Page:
Highlighting BranchCache Hosted Cache Mode in Windows Server 2012 and Windows Server 2012 R2

For Windows Server® 2008 R2, BranchCache was introduced to
help you reduce WAN bandwidth usage by client computers that accessed content,
such as Web pages and file shares, on content servers in remote main offices.

With that release, as with BranchCache in Windows Server
2012, you can deploy BranchCache in two modes – distributed cache mode and
hosted cache mode.

With distributed cache mode, client computers retrieve
content from the main office content servers and then cache the content to
share it with other clients in the same branch office.

With hosted cache mode, a server in the branch office –
called a hosted cache server – is used as a central cache for the branch. After
retrieving content from the main office content server, client computers then
store the content on the hosted cache server, which in turn shares the content
with other client computers in the branch office.

For Windows Server 2012, BranchCache functions much the same
way, however deploying hosted cache mode is significantly easier, thanks to
improvements and new features provided by the BranchCache team for this

Previously, hosted cache servers were required to have a
server certificate that was issued by a certification authority (CA) that
client computers at the office location trusted. Deploying a public key
infrastructure with one or more CAs is complex and expensive, and this
requirement is now removed, because BranchCache security is improved with data
encryption and other technologies. So you don't need to deploy a CA just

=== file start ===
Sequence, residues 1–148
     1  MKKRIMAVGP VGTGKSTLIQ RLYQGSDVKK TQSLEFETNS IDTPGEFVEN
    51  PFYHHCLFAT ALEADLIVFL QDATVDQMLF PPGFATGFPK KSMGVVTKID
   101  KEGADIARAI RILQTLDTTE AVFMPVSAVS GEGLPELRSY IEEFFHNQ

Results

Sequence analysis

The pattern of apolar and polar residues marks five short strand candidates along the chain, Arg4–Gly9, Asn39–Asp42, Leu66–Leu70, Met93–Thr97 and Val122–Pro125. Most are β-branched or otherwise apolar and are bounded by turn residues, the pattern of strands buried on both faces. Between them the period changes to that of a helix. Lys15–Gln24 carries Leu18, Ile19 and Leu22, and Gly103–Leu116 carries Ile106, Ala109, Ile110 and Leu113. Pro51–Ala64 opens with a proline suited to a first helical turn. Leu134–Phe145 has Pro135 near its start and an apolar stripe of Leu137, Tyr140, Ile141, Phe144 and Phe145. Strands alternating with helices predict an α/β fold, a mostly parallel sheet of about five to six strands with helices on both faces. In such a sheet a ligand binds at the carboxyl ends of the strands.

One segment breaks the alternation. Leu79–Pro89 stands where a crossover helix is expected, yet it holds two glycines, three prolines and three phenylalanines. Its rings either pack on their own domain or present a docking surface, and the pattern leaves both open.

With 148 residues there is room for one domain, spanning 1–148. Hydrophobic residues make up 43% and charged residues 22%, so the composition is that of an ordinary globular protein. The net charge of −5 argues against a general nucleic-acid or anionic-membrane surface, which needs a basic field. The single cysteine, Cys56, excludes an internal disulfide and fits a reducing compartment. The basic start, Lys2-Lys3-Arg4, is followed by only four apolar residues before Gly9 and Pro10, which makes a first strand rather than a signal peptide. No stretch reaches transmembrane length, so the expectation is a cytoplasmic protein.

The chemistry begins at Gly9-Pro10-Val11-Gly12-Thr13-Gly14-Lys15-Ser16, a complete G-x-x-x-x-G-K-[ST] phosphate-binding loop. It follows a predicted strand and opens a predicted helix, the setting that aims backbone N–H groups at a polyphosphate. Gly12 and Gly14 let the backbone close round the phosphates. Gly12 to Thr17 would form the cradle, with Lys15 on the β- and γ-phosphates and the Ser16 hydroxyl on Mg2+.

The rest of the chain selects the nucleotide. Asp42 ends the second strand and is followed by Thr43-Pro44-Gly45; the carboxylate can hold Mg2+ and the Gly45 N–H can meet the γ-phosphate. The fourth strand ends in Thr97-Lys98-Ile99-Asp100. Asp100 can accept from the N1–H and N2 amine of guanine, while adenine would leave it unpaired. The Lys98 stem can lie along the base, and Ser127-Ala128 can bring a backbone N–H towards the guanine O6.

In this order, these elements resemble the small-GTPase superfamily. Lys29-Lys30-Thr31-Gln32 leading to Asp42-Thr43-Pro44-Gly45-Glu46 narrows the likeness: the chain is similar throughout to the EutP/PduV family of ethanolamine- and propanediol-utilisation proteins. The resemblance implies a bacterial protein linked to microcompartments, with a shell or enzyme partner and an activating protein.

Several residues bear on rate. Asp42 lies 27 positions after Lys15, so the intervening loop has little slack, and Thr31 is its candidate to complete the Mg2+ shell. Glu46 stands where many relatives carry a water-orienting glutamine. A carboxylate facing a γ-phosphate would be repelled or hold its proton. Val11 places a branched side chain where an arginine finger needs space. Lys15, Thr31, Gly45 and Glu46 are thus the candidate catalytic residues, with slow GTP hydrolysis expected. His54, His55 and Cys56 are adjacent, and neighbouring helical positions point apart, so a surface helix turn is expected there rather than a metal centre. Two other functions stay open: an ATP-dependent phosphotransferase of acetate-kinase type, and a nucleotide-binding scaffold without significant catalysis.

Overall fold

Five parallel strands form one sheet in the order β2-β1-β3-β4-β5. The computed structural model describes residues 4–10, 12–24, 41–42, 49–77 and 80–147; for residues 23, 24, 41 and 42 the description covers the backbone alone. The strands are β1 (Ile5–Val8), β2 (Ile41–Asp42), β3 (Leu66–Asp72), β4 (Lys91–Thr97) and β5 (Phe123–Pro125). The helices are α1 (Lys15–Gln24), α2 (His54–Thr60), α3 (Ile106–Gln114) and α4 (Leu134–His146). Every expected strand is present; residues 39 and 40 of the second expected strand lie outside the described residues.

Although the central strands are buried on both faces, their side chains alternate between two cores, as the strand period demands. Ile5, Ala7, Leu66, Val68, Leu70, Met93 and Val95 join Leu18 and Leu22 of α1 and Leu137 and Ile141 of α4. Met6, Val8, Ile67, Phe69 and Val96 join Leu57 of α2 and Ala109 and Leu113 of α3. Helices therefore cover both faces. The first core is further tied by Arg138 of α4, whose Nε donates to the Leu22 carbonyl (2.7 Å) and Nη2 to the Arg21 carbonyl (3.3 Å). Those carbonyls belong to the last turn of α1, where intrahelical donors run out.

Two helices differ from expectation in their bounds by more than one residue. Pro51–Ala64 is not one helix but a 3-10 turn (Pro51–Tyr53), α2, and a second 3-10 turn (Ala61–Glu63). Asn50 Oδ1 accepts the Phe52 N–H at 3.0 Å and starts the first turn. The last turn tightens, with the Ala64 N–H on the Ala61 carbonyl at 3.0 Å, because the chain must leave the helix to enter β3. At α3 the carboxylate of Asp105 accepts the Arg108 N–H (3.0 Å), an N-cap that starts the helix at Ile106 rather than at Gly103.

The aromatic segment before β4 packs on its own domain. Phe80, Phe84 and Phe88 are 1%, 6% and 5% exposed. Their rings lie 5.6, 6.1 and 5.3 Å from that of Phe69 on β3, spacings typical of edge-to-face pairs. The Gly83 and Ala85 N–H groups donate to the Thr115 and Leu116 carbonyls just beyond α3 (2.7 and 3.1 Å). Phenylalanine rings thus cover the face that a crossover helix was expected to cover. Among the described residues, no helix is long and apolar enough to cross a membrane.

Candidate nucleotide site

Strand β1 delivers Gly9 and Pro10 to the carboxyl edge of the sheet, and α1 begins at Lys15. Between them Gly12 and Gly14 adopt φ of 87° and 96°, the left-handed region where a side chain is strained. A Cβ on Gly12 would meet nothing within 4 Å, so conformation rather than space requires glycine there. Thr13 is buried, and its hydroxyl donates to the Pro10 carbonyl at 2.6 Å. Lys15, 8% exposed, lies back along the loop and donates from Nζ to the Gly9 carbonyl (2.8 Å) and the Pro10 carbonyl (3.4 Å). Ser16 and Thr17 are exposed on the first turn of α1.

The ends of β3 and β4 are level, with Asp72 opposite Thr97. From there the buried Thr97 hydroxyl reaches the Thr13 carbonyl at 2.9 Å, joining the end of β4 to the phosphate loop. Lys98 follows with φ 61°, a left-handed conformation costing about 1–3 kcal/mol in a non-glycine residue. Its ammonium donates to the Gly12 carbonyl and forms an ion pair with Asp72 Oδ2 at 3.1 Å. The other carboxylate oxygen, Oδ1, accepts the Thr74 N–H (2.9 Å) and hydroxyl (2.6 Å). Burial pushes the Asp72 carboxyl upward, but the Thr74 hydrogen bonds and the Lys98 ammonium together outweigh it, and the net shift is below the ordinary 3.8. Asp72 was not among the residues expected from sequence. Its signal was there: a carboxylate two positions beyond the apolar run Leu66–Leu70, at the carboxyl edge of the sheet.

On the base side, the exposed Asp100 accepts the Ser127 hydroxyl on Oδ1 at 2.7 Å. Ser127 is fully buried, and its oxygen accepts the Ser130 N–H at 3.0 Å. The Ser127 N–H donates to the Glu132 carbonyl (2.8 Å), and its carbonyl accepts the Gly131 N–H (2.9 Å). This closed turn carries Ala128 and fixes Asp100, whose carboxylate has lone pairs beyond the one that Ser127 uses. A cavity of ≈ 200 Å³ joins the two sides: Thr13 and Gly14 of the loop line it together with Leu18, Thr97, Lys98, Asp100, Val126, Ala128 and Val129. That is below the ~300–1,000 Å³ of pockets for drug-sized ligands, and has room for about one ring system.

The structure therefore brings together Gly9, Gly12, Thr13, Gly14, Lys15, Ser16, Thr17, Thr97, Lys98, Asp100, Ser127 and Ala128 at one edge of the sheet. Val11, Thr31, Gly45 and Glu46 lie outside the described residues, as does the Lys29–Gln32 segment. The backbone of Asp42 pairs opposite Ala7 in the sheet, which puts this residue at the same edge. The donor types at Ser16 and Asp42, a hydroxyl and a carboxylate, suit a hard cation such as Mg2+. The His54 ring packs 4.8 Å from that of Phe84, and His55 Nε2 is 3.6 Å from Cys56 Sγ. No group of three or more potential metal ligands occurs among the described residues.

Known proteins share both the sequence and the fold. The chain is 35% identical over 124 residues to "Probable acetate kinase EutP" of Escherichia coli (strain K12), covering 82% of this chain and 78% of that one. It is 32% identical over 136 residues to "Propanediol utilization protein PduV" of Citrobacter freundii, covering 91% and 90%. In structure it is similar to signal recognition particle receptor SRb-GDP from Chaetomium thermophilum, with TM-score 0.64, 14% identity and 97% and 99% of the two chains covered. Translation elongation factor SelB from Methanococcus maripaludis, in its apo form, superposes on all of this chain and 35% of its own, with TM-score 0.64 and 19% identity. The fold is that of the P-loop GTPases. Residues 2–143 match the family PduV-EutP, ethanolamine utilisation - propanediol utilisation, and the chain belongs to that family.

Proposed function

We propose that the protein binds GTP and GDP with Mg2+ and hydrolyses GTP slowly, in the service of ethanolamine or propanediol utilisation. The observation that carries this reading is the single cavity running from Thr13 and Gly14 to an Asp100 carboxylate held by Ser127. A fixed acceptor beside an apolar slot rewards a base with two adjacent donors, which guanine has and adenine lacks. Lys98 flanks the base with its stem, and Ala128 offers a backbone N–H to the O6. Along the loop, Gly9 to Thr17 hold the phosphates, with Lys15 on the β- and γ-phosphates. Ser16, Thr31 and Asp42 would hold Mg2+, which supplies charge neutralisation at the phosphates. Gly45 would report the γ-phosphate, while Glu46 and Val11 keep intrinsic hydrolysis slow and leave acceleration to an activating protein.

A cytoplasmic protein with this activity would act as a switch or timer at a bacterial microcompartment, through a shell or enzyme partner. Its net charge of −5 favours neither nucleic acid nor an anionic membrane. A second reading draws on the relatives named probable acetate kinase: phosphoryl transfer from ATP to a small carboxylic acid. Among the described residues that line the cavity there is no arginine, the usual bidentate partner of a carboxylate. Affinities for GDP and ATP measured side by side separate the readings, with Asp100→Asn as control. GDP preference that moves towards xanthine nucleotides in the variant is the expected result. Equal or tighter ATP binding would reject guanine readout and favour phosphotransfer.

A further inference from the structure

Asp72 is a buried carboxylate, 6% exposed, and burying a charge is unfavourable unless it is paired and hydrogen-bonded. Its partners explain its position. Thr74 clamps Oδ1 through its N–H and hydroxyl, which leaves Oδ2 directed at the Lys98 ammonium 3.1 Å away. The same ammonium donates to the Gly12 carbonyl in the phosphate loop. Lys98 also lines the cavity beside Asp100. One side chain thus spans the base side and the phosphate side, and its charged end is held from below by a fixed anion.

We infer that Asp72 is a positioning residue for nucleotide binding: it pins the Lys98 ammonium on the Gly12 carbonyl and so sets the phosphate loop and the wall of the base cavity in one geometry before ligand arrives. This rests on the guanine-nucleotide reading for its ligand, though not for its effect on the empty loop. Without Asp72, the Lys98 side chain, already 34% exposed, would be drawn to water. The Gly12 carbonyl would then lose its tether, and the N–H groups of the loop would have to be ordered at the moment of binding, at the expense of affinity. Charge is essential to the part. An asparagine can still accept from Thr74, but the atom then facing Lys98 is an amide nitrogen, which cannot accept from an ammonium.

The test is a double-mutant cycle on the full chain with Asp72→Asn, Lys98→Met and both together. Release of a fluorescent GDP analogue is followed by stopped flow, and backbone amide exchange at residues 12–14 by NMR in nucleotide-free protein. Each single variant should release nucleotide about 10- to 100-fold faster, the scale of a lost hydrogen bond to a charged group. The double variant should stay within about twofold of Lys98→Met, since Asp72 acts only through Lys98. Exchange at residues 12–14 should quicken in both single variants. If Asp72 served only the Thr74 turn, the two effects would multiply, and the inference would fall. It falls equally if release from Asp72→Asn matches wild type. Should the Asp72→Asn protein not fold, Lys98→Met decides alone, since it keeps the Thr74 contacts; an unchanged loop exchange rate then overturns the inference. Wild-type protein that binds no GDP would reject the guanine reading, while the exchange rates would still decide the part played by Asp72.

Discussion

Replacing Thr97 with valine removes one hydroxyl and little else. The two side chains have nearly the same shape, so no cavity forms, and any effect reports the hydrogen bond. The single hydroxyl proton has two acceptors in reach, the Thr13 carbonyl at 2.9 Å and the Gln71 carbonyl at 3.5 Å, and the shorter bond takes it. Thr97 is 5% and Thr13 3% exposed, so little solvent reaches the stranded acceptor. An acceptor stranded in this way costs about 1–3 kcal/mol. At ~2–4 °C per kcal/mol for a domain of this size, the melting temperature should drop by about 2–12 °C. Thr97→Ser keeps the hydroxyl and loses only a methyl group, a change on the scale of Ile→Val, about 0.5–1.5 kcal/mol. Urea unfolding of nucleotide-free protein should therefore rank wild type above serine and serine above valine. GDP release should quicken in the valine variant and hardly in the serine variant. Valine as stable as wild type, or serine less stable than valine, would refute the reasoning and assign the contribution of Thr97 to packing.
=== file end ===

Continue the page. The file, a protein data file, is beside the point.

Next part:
because you want to deploy BranchCache in hosted cache mode.

A terrific new feature for BranchCache clients that are
running Windows® 8 Release Preview is the ability to self-configure for the
BranchCache mode that is appropriate for the branch office in which the client
computer is installed. Simply by configuring one Group Policy setting, you can
configure BranchCache clients to search for one or more hosted cache servers in
the branch office. If client computers find one or more hosted cache servers –
which in this context are called "service connection points" – they
self-configure BranchCache for hosted cache server mode. If they don't find a
hosted cache server, the client computers self-configure BranchCache for
distributed cache mode.

This BranchCache Group Policy setting, in case you're
setting up a test lab for BranchCache in Windows Server 2012, is called
"Enable Automatic Hosted Cache Discovery by Service Connection Point."

"Configure Hosted Cache Servers" is a new Group
Policy setting that you can also use when deploying BranchCache in hosted cache
mode. With this setting, you can enter the computer names of the hosted cache
servers that are available to client computers in the branch office. If you use
this setting, client computers don't need to search for hosted cache servers
because they already have the server names.

Another great new feature for BranchCache allows those of
you with large branch offices to deploy more than one hosted cache server in
each branch office. In the previous version of BranchCache, you were able to
deploy only one hosted cache server per office location. Windows Server 2012
provides the ability to scale hosted cache mode deployments for offices of any
size by allowing you to deploy as many hosted cache servers as are needed at a

So the simple overview of deploying BranchCache hosted cache
mode in Windows Server 2012 is this: 
install your content servers in your main office or cloud datacenter,
automatically configure clients using Group Policy, and install the BranchCache
feature on the computers that you want to use as hosted cache servers, then run one Windows PowerShell command to configure the computers as hosted cache servers. No
limitations on the number of hosted cache servers per branch, and no
requirement to design and deploy a public key infrastructure with certificates.

For more information about additional great new features in
BranchCache, you might want to take a look at the topic What's New in
, at http://technet.microsoft.com/en-us/library/jj127252.

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